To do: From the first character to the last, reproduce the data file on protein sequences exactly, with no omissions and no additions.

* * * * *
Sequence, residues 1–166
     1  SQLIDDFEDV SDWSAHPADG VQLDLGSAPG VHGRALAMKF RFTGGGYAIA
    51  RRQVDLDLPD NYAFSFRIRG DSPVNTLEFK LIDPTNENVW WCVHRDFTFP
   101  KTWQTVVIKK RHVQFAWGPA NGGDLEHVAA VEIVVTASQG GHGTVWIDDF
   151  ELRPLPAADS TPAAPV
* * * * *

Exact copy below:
Sequence, residues 1–166
     1  SQLIDDFEDV SDWSAHPADG VQLDLGSAPG VHGRALAMKF RFTGGGYAIA
    51  RRQVDLDLPD NYAFSFRIRG DSPVNTLEFK LIDPTNENVW WCVHRDFTFP
   101  KTWQTVVIKK RHVQFAWGPA NGGDLEHVAA VEIVVTASQG GHGTVWIDDF
   151  ELRPLPAADS TPAAPV